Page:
U.S. Steel rejects takeover bid from Cleveland-Cliffs, begins strategic review
U.S. Steel rejects takeover bid from Cleveland-Cliffs, begins strategic review

U.S. Steel began a formal review of strategic alternatives after it rejected a proposal to sell itself to rival Cleveland-Cliffs Co.

Ohio-based Cliffs said Sunday it was willing to pay $17.50 in cash and 1.023 shares of its stock for each U.S. Steel share. That implies a value of $32.53 per share as of Friday’s close, a 43% premium to U.S. Steel’s last closing price of $22.72, and a proposed market value of about $7.25 billion.

U.S. Steel rejected the “unreasonable” offer on Sunday, according to Cliffs’ statement. Hours earlier, Pittsburgh-based U.S. Steel said it had begun reviewing strategic alternatives after receiving “multiple unsolicited” proposals ranging from acquisitions of certain production assets to offers to buy the entire company. formal review.

Cliffs said the proposed deal would create one of the world’s largest steelmakers. The company has been the most active dealmaker in the U.S. steel industry for the past few years. Despite the rejection, the company is “ready” to accept the offer.

Cliffs, previously only an iron ore producer that does not produce steel, decided in 2019 to acquire AK Steel Holding Corp. and ArcelorMittal USA operate 2020. The acquisitions made Cliffs a major operator of conventional blast furnaces in the United States and a significant presence in the lucrative auto industry steelmaking business.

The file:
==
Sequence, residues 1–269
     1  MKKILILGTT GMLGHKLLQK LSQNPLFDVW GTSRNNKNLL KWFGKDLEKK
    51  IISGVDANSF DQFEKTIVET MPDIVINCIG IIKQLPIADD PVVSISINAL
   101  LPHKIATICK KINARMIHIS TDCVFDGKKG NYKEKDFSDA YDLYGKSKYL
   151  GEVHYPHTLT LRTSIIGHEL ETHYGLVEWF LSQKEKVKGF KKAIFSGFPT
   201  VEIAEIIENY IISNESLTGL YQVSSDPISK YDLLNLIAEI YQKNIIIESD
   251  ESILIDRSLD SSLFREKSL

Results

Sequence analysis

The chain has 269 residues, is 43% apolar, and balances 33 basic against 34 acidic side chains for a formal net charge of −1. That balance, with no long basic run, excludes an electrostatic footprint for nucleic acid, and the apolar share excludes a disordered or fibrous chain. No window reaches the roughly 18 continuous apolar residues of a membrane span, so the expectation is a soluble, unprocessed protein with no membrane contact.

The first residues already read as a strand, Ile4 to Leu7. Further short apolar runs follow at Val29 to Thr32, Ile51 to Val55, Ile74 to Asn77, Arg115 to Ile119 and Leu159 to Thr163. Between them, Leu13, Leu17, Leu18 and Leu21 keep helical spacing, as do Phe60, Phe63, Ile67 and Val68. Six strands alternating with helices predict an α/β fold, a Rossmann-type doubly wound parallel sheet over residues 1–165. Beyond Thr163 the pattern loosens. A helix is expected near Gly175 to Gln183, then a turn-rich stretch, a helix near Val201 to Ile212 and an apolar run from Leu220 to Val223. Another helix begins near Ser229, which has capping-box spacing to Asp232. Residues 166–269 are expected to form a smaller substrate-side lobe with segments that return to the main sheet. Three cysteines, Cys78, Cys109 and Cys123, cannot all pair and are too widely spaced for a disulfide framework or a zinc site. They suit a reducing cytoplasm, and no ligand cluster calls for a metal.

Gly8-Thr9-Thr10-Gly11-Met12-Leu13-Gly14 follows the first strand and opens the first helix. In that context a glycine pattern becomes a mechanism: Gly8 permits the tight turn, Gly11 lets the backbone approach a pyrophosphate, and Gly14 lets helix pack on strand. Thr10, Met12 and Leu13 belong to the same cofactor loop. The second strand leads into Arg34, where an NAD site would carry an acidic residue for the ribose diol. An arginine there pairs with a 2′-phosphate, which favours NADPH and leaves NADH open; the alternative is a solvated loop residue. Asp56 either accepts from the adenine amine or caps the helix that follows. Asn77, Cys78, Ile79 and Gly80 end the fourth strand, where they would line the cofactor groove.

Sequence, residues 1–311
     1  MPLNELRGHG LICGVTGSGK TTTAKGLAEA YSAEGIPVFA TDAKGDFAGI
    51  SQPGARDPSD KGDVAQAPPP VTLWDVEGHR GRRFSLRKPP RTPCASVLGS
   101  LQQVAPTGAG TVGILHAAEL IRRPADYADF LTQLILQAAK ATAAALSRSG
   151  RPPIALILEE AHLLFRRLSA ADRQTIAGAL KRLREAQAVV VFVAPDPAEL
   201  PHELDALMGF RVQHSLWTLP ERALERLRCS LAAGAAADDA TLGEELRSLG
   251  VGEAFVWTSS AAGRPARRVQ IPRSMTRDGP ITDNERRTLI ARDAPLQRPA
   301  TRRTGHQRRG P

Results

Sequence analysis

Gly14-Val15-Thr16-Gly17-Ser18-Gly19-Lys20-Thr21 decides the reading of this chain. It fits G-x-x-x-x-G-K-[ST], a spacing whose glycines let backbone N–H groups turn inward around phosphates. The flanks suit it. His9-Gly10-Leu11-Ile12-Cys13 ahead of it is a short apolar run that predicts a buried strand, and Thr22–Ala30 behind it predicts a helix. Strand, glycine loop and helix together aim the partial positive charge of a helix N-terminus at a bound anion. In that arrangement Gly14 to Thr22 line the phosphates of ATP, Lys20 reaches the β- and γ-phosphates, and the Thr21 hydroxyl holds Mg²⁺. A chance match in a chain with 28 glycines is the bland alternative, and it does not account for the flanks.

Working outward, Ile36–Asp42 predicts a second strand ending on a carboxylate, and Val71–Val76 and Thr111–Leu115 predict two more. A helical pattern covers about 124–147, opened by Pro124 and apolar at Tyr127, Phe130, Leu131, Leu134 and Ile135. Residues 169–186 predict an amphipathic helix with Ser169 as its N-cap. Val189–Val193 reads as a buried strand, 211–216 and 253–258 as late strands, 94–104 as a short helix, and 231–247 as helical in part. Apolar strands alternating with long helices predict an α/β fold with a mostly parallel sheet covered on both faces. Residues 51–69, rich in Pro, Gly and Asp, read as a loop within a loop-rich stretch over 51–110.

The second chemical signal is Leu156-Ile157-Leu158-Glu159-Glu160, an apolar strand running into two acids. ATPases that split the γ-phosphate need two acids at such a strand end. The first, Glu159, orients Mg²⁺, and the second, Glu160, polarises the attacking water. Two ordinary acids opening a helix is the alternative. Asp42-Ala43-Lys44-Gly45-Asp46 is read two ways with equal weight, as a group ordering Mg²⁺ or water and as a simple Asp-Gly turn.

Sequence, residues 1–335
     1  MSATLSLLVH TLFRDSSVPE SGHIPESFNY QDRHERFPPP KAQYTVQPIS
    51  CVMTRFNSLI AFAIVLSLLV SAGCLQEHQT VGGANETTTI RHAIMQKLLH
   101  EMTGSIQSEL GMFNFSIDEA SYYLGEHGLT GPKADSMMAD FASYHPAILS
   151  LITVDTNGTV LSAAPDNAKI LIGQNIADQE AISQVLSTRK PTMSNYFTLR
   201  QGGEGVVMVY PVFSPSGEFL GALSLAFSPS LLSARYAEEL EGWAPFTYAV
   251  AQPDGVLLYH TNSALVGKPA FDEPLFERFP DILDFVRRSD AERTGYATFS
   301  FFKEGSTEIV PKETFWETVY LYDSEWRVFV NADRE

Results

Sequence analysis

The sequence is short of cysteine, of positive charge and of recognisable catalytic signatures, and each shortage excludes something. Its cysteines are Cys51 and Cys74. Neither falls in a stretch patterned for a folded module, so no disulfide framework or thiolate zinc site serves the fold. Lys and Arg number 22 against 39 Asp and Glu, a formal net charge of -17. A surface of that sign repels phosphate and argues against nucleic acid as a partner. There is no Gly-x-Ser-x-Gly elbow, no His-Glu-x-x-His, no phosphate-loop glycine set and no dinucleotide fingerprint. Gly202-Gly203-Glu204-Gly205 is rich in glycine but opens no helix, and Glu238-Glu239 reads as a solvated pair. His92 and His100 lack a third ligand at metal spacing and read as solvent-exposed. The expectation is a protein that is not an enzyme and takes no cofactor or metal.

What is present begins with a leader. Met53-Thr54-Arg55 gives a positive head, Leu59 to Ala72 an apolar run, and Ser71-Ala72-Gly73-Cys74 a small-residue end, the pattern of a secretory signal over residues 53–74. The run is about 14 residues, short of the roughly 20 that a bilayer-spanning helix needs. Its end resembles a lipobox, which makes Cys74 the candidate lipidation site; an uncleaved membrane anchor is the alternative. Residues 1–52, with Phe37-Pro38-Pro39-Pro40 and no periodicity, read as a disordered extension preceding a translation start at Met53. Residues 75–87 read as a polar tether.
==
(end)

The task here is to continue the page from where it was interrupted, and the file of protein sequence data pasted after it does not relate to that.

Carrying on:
Cliffs CEO Lourenco Goncalves, known for his combative personality and rarely shying away from speaking out publicly, has a stable of nationally integrated conventional plants but has a footprint in electric arc furnaces Rarely, electric arc furnaces remelt scrap and turn it into steel.

The acquisition comes amid a years-long turnaround for U.S. Steel, which dates back to 1901, when J. Pierpont Morgan merged a collection of assets with Andrew Carnegie’s Carnegie Steel Company (Carnegie Steel Co.) merged. Chief Executive Officer David B. Burritt took over in 2017, when the then-troubled metals producer struggled when some investors feared the company was on its way to bankruptcy.

Since Burritt took over, the company has undergone a dramatic shift in its manufacturing process, focusing on furnaces that remelt scrap into steel, rather than making the metal from iron ore in the traditional way. Burritt acquired Big River Steel in Arkansas and expects to spend an additional $3 billion to double its capacity by 2024. The gamble has paid off, with the company’s share price doubling since the end of 2019.

U.S. Steel has hired Barclays Capital and Goldman Sachs as financial advisors for its strategic review. The steelmaker said in a statement that no deadline had been set for completing the review and that the process may not result in a deal or any other strategic outcome.


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